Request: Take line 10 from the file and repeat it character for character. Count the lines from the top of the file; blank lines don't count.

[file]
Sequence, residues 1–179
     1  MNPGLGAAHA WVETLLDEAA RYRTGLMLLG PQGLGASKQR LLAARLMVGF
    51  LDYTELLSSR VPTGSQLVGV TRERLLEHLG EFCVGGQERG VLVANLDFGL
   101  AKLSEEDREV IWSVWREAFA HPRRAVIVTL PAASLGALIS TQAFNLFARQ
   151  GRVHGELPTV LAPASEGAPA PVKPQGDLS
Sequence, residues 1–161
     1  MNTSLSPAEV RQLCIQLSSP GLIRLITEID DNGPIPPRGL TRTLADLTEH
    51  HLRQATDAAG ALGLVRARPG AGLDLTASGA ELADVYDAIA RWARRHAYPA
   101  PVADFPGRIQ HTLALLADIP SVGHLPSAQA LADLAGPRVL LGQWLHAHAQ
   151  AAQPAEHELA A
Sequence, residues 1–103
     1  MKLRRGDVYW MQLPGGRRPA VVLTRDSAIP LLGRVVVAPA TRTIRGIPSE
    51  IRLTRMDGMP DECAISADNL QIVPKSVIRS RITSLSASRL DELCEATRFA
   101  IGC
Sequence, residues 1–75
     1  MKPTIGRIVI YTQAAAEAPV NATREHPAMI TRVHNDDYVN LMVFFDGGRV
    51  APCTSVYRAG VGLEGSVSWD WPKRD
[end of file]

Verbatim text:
   151  AAQPAEHELA A